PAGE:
Soon after Modi’s United States visit was announced, 41 South Asian groups across the country came together to form the Coalition Against Genocide. On Feb. 24, 2005, a letter organised by the group was signed by over 100 professors and sent to the hotel association, asking them to rescind Modi’s invitation. Another pressure group flooded Matthews with letters.
On March 16, 2005, House Resolution 160 was introduced in Congress, condemning Modi “for his actions to incite religious persecution.” On March 18, the State Department denied Modi a visa. Three days later, the United States ambassador to India, David C Mulford, said, “This decision applies to Narendra Modi only. It is based on the fact that, as head of the state government in Gujarat between February 2002 and May 2002, he was responsible for the performance of state institutions at that time.”
Modi called the visa denial in 2005 “an attack on Indian sovereignty” and raised the question, “Will India also consider what America has done in Iraq when it processes visa applications of Americans coming to India?” Despite the success in denying Modi a United States visa, disillusionment quickly set in for Rajagopal, the retired California businessman who accompanied Prabhudoss to Gujarat in 2002. “The frustrating thing was that the visa denial was probably the only thing really dealt a blow to Modi,” he said. “I just wish it had been brought about by a large, secular coalition. I am not so sure that is true. The thing that made a difference was the right-wing evangelical support.”
Prabhudoss acknowledged that evangelical support played a big part but said that Modi was denied a visa for other reasons as well. “Back then, we were working without any opposition. It was incredible, really,” Prabhudoss said. “The Modi supporters were there, but they sat that one out. And back then, the Indian lobby was not powerful like they are today. You could speak against Modi and there were no political consequences. Today, it is a completely different story.”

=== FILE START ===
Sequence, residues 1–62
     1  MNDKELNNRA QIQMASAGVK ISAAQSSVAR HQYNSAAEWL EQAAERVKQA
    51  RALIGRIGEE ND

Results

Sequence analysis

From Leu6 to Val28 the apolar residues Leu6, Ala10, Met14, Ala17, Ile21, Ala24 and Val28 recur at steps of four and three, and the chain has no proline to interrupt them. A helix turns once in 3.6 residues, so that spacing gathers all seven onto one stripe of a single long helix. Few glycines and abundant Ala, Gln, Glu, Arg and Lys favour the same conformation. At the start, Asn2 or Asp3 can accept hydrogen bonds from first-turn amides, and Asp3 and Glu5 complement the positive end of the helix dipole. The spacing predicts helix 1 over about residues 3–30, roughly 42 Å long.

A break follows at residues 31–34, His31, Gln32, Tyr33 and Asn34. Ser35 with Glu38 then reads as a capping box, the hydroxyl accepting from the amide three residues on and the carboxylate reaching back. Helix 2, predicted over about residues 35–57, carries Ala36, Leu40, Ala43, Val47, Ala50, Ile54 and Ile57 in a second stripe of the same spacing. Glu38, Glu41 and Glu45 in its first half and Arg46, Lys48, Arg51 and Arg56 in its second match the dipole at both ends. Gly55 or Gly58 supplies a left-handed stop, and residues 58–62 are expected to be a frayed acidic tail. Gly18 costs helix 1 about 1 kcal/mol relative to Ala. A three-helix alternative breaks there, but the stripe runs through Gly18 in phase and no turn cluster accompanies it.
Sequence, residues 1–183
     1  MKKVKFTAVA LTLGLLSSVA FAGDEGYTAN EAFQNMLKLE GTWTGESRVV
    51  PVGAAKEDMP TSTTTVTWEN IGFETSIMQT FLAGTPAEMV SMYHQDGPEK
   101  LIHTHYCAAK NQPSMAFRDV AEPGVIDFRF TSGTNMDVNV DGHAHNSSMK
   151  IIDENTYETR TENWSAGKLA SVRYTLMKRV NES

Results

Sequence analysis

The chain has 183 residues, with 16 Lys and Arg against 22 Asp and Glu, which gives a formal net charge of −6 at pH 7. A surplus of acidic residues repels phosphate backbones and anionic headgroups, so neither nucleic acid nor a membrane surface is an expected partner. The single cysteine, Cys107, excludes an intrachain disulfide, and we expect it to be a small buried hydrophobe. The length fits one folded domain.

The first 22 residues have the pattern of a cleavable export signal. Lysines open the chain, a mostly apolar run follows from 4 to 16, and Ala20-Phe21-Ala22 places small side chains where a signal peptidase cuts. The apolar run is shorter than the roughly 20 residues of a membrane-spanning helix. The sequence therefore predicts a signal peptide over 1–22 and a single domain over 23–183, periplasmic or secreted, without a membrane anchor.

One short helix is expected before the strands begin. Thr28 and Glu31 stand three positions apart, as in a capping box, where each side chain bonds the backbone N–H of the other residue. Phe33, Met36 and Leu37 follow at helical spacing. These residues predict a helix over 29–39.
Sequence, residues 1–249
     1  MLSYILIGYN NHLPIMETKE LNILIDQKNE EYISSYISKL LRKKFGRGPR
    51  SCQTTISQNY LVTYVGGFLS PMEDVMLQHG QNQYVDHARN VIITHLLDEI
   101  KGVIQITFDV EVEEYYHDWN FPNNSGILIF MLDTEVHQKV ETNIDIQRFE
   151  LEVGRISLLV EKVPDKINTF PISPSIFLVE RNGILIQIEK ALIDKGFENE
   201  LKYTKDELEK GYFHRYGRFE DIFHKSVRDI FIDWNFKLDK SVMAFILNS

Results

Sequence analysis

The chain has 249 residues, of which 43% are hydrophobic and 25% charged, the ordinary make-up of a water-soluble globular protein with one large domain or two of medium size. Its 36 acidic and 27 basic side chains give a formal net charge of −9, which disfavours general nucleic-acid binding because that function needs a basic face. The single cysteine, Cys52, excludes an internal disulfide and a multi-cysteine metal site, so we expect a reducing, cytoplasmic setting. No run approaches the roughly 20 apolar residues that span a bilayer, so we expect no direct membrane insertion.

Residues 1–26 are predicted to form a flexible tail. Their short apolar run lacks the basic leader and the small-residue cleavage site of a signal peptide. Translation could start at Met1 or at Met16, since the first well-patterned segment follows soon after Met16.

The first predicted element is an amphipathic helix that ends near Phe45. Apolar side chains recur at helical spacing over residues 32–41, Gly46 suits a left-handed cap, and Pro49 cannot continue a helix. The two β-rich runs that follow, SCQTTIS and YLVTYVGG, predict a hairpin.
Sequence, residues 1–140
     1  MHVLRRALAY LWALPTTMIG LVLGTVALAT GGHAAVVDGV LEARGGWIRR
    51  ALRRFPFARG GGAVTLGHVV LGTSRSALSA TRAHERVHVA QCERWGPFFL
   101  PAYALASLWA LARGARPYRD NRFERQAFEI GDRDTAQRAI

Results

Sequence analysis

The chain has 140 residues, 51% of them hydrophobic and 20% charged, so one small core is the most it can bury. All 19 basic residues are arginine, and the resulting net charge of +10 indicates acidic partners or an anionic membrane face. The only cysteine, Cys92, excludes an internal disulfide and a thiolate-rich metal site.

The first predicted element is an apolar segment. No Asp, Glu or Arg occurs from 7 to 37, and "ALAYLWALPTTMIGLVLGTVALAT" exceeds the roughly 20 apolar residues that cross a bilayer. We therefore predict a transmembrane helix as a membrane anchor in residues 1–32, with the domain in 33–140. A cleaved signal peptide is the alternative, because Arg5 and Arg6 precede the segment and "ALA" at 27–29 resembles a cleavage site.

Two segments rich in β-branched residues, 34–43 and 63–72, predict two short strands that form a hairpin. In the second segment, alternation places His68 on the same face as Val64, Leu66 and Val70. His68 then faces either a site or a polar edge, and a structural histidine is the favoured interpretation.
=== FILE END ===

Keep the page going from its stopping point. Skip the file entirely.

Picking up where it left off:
Joseph Grieboski, the founder of the Institute on Religion and Public Policy in Virginia, who also was deeply involved in trying to block Modi’s visit, said that the mood has shifted now. “When the US denied Modi a visa in 2005, it was like the U.S. denying a visa to the governor of Iowa — no offense to Gujarat,” he said. “The US did not see it as a big deal. And back then, it seemed clear to everyone in this town that Modi was involved in the riots. Now the picture is fuzzier, and many are intrigued by Modi.”
While Republicans led the opposition to Modi’s visa in 2005, there are now Republicans among Modi’s strongest supporters. When the Tea Party candidate Joe Walsh campaigned in Illinois for Congress, he promised he would push the United States to grant Modi a visa. (He lost to his Democratic challenger, Tammy Duckworth.)
In March, three Republicans members of Congress visited Modi in Gujarat, including Cathy McMorris Rodgers of Washington state. The trip for Ms McMorris Rodgers and her husband cost $15,000 and was paid for by the co-founder of the National Indian American Public Policy Institute, Shalli Kumar, a supporter of Modi based in Chicago.
But the opposition to Modi continues to be led by Republicans as well, in particular by Pitts and Wolf. In November, Pitts introduced House Resolution 417, which urges the United States government to continue to deny Modi a visa. Notably, the resolution has 28 co-sponsors, the majority of them Democrats.